Is there a difference between the divine fact (al-haqeeqah) and the divine meaning?
We have confusion in the matter, as one of the members said in a monthly circle:
The divine fact transfers the linguistic meaning to a new meaning different from the origin, such as the word of prayer (salah).
As for the divine meaning: it uses the same linguistic meaning, and adds to it a regulator or a constraint, such as the word of (qiblah). Is this true?
If there is a difference, I request your elaboration due to the following:
a - It was mentioned in the Economic System, page 205, under the subject of extravagance (israaf) and waste (tabdheer) "Its meaning is spending the money in the prohibited matters," where a member said this is a divine meaning rather than a divine fact.
b - It came in the book of Tayseer on the situations of interpretation (tafseer) page 190 at the interpretation of "What turned them away from their qiblah", the verse. It said regarding the interpretation of "their qiblah" that the qiblah is on the form of 'fi'lah' that comes from 'muqaabalah', ie (meeting face to face), like the word "wijhah" that comes from "muaajahah", ie (coming face to face). This word 'qiblah" became to have a divine meaning, which is the direction to which the Muslim turns during the prayer (salah). It called it a divine meaning rather than a divine fact.
c - We referred to the subject of the divine fact in Shakhsiyyah, vol III, but we did not find a difference in the subject.
Please advise us if there is a differentiation between the divine fact and the divine meaning, may Allah bless you.
The divine fact is a term...
The divine meaning is a meaning...
So, the two issues do not conflict with each other!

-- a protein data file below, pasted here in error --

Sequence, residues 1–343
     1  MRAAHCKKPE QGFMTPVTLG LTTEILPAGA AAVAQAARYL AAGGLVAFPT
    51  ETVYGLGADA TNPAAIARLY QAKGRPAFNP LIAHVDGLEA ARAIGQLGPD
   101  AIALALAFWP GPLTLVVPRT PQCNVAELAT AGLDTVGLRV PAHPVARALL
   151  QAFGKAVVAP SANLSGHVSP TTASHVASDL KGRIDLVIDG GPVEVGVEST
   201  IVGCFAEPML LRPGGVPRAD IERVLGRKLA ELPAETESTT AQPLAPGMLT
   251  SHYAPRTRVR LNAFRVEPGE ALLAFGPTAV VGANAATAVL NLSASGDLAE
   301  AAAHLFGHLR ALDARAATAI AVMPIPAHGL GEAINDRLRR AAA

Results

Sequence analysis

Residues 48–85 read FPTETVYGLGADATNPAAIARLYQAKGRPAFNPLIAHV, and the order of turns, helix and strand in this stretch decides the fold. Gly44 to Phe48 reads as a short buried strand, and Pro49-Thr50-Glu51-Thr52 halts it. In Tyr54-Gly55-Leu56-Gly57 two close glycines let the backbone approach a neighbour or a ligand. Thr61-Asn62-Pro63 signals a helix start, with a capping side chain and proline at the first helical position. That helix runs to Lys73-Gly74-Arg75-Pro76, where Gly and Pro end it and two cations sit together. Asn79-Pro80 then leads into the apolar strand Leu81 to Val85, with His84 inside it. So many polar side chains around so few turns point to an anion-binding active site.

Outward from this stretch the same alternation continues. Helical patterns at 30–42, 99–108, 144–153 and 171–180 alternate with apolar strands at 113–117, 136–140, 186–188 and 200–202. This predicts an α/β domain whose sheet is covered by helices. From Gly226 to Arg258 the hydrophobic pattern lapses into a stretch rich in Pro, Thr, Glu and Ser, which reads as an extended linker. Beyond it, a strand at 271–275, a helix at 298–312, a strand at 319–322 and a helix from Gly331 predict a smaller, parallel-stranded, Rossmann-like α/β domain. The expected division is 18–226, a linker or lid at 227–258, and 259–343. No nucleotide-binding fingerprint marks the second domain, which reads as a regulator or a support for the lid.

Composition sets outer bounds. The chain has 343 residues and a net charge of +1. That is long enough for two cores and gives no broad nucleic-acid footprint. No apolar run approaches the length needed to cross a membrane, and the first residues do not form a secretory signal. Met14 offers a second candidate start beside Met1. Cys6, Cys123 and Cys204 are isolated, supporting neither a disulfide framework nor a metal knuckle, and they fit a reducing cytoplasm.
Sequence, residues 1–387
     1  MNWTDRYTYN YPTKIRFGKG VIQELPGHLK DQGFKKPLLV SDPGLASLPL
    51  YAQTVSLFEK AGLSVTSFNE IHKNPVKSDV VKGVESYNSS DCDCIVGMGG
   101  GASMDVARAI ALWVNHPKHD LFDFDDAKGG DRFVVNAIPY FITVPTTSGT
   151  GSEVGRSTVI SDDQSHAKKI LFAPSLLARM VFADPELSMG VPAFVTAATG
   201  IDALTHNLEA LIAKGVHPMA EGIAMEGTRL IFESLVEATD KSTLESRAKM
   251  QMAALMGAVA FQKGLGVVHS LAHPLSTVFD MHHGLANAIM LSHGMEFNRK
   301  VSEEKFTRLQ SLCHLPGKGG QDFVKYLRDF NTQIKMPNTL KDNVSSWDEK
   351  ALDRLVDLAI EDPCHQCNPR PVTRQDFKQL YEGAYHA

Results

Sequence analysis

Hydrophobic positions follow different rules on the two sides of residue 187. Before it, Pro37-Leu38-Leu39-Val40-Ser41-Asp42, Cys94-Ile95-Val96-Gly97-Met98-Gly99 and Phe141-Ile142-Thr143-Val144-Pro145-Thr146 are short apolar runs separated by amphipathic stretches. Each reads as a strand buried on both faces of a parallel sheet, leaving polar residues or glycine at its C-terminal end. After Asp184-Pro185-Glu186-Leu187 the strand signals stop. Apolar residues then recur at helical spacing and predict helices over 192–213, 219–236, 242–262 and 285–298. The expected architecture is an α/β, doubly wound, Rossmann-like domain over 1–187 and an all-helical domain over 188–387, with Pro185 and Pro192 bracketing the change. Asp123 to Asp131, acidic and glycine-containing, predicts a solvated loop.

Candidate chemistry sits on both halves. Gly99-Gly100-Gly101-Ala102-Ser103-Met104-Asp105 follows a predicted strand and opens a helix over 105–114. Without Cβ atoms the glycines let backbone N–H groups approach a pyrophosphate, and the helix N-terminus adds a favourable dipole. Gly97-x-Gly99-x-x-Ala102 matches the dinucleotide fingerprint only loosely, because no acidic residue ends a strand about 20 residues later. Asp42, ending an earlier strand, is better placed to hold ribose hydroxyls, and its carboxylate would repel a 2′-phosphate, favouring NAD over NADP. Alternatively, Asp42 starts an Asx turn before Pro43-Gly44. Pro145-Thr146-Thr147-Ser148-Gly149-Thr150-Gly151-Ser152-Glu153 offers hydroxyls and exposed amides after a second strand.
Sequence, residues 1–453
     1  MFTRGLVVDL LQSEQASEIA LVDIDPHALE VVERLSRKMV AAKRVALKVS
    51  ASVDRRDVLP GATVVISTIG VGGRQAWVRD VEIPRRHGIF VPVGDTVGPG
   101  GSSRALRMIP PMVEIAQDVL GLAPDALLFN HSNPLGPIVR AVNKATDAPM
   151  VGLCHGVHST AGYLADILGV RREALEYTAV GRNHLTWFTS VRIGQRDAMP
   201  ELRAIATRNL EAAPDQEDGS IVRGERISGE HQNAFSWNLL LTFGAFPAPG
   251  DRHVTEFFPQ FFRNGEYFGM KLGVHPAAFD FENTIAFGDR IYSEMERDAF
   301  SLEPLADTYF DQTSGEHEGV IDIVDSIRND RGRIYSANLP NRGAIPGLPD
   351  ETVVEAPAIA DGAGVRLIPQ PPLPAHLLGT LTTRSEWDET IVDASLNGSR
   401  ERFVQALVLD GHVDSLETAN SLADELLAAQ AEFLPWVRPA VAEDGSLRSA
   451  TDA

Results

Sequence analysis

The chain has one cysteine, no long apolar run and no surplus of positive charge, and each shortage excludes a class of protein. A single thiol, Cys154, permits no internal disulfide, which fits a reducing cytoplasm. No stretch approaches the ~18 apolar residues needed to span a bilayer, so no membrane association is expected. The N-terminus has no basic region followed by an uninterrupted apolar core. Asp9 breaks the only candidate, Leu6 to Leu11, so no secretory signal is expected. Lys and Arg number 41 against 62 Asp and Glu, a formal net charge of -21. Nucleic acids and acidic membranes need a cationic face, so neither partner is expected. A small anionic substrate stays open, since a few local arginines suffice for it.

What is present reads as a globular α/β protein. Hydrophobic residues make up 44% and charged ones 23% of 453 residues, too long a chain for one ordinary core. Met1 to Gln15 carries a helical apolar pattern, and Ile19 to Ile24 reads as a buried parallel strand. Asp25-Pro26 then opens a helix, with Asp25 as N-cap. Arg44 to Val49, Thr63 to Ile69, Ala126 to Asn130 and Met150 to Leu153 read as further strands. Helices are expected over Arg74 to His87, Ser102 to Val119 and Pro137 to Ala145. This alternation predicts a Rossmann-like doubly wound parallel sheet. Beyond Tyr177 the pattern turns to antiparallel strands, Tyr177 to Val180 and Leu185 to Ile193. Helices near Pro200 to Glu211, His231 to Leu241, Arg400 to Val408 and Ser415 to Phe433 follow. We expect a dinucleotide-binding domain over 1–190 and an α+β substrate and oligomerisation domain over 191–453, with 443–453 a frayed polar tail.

It came in vol III of Shakhsiyyah:
- Page 149, the four lines from the end: "The divine fact is a term which al-Shar' has used in a meaning different to the meaning coined to it; and Arabs used it after the use of Shar' in the meaning used by al-Shar'. So, it was transferred through the use of al-Shar' and then through the use of Arabs to another meaning, while the first meaning was abandoned ..."
- Page 143, lines 9 and10: "The divine fact is the term which is used in what is coined to it in the convention of al-Shar'..."
- Page 144, lines 4 and 5: "The divine fact is the term which al-Shar' coined for a meaning, such that it denotes it without collaboration (qareenah) ..."
Thus, the divine fact is a term which Arabs used in a divine meaning other than its linguistic meaning, and the linguistic meaning was abandoned while the divine meaning dominated. This is like salaat (prayer), whose linguistic meaning is du'aa (suplication), and al-Shar' gave it a divine meaning; ie al-Shar' transferred it from the linguistic meaning to the divine meaning which dominated. Thus, this term of "salah" in the divine meaning, ie the "specific movements" became a divine fact.
Accordingly, if you want to know what the type of the word is, we examine:
1 - If that word was used in its linguistic meaning then it is a linguistic fact.
2 - If it was transferred from its linguistic meaning to the conventional ('urfi) meaning, and it dominated in it, and the linguistic meaning was abandoned, then it is a conventional fact.
3 - If it was transferred from the linguistic meaning to a divine meaning and it dominated in it and the linguistic meaning was abandoned, then it is a divine fact.
Therefore, the word is examined; if it was used in a divine meaning, then it is a divine fact:
You can say: Prayer (salah) has a divine meaning, which is used in that meaning and dominated in it, so prayer is a divine fact.
And you say: Qiblah has a divine meaning, which is used in it and dominated in it, so qiblah is a divine fact.
However, you can say the word of prayer (sala) has a such and such divine meaning, without necessarily completing the description, so we say it is a divine fact.
And it is not also necessary to say the word of qiblah has such and such divine meaning.... (And it is not necessary to complete this by saying so it is a divine fact.)
Thus, the divine fact is a word that has a divine meaning in which it dominated.
I hope the difference between the divine fact and the divine meaning became clear to you; so they are not synonymous, but they are rather consistent with each other like this: the divine fact is a word used in a divine meaning which it dominated in it, and its linguistic meaning was abandoned. As information: what is meant by saying the linguistic meaning was "abandoned" is that once you hear the word, the mind does not turn to the linguistic meaning except with a collaboration (qareenah).
15 Rabee' II 1432